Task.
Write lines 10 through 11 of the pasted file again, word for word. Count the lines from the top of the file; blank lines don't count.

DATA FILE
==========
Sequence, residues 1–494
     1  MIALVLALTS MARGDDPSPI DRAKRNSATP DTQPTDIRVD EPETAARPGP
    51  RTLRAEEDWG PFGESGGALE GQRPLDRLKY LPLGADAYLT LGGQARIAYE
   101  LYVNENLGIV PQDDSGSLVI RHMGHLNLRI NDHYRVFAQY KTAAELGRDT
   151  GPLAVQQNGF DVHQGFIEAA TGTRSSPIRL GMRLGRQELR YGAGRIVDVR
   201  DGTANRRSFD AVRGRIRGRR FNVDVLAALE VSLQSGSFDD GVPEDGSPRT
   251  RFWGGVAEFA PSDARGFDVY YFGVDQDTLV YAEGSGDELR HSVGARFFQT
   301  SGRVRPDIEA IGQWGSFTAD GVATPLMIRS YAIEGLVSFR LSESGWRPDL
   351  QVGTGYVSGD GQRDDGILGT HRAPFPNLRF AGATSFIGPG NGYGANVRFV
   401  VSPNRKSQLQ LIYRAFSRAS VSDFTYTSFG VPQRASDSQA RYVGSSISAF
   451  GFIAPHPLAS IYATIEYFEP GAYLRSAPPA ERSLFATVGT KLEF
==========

   401  VSPNRKSQLQ LIYRAFSRAS VSDFTYTSFG VPQRASDSQA RYVGSSISAF
   451  GFIAPHPLAS IYATIEYFEP GAYLRSAPPA ERSLFATVGT KLEF